%I
%S 1,1,2,3,23,3
%N a(1)=1, a(2)=1. For n > 2, start with n and iterate the map (k > concatenation of antidivisors of k) until we reach a prime q; then a(n) = q. If we never reach a prime, a(n) = 0.
%C Similar to A120716, which uses the proper divisors of n. Other known values include a(10) = 347, a(14) = 349, and a(16) = 311. See also A191859.
%e The antidivisors of 5 are 2, 3, and 23 is prime, hence a(5) = 23.
%e The antidivisors of 7 are 2, 3, 5, and 235 is composite; the antidivisors of 235 are 2, 3, 7, 10, 67, 94, 157, and 237106794157 = 59*547*7346909 is composite; the antidivisors of 237106794157 start 2, 3, 5, 15, 118, 1094, 1709, 4519, 61403, 64546, 7722971, 14693818, 104937727, but the others are unknown, hence a(7) is also unknown.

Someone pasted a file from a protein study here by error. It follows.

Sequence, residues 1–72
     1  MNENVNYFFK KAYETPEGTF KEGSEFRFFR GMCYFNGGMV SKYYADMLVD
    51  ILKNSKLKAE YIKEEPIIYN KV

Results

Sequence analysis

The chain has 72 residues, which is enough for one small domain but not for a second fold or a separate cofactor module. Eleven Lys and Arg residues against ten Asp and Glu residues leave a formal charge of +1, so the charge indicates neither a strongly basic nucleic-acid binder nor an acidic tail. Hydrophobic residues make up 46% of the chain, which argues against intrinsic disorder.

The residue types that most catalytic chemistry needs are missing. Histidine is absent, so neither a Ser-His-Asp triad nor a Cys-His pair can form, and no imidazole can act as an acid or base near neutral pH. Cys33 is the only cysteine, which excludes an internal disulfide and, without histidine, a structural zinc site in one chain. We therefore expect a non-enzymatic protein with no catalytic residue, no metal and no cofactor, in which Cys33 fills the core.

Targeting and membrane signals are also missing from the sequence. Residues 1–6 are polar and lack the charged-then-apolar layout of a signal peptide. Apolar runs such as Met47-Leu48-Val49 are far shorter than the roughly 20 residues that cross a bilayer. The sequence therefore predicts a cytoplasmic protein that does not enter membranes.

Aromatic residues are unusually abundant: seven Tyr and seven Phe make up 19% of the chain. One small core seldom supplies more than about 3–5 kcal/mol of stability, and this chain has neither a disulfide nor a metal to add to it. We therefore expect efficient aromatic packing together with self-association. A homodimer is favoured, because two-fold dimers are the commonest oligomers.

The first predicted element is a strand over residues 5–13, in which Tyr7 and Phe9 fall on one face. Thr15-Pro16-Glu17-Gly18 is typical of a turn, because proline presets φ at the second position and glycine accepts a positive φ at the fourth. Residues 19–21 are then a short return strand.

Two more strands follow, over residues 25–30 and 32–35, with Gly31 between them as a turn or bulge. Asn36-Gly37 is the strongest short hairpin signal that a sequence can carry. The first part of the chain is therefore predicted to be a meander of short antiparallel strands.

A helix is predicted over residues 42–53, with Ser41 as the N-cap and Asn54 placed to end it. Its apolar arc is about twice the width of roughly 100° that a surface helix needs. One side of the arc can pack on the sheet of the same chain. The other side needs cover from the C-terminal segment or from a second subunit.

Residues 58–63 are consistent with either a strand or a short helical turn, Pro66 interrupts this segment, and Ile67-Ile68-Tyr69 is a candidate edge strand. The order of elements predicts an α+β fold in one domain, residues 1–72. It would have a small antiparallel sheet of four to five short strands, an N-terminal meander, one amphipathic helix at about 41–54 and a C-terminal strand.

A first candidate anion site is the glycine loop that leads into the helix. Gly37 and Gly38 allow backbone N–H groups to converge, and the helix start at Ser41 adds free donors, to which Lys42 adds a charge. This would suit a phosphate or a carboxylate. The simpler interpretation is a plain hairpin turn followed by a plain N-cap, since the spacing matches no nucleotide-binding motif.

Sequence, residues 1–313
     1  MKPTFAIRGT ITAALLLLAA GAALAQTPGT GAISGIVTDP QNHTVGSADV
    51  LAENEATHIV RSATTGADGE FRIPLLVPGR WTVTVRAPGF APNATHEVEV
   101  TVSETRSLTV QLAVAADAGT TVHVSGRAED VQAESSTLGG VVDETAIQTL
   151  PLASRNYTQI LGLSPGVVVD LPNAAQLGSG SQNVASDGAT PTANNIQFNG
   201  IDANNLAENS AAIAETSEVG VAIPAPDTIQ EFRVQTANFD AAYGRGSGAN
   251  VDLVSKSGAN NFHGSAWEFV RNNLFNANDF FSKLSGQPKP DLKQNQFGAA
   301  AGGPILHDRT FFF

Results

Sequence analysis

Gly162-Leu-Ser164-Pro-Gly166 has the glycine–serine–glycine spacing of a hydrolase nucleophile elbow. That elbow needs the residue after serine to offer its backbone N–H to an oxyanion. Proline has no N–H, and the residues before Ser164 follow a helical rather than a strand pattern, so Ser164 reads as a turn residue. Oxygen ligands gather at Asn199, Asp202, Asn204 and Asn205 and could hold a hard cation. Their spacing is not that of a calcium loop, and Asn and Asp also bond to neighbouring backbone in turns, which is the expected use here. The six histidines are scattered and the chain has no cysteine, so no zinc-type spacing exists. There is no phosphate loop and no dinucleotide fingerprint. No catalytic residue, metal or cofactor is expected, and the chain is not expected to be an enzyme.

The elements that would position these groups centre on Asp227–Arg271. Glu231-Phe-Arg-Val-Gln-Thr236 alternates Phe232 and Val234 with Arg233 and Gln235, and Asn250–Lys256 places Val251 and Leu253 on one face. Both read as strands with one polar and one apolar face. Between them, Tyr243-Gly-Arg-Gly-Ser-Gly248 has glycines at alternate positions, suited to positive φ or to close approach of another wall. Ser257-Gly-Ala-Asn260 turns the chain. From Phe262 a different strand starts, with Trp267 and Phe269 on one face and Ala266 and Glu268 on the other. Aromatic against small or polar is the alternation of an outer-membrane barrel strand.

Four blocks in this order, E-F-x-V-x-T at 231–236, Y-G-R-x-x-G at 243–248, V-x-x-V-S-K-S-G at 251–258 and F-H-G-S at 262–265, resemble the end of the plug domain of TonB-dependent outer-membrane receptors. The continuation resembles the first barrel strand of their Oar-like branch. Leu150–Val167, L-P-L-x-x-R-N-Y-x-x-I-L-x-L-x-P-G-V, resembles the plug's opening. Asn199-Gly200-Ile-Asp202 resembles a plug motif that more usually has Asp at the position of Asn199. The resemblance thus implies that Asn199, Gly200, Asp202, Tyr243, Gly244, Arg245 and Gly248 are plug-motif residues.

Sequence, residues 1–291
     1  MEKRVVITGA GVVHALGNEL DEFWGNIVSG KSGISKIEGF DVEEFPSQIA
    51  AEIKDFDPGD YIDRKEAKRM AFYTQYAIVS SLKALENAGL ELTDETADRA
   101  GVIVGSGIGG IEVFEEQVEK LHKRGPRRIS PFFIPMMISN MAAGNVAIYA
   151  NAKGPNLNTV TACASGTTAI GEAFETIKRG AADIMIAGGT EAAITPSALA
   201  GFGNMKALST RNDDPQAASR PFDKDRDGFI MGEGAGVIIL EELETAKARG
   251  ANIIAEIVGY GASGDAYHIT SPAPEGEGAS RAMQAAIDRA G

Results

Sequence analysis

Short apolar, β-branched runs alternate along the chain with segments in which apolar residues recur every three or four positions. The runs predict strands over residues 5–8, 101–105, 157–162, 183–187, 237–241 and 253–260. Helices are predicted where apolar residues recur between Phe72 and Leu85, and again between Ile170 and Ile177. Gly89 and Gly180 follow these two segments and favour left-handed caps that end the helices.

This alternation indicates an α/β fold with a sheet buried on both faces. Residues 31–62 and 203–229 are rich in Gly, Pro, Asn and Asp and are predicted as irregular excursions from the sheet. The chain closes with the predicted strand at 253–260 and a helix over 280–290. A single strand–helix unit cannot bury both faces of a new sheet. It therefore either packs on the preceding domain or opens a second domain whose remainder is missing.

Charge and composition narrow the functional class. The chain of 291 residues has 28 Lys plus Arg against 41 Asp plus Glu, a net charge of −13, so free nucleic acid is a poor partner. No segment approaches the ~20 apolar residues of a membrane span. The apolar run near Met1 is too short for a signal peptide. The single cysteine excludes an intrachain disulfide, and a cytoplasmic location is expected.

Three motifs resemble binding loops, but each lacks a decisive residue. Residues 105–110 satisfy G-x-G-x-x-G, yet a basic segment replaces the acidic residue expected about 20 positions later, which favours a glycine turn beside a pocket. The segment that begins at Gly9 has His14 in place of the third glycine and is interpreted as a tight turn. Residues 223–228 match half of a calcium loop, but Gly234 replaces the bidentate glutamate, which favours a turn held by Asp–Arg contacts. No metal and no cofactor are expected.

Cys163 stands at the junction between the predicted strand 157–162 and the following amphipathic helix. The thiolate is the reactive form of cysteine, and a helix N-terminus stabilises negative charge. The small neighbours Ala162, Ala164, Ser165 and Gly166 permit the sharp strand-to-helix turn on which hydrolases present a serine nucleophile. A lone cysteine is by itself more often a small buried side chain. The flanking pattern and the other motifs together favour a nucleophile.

%p antidivisors := proc(n) local a, k; a := {} ; for k from 2 to n1 do if abs((n mod k) k/2) < 1 then a := a union {k} ; end if; end do: a ; end proc:
%p A130846 := proc(n) digcatL(sort(convert(antidivisors(n),list))) ; end proc:
%p A191648 := proc(n) if n <=2 then 1; else m := A130846(n) ; while not isprime(m) do m := A130846(m) ; end do: return m; end if; end proc: # _R. J. Mathar_, Jun 30 2011
%Y Cf. A130846, A066272, A120716, A191647.
%K nonn,base,more,hard
%O 1,3
%A _Paolo P. Lava_, Jun 10 2011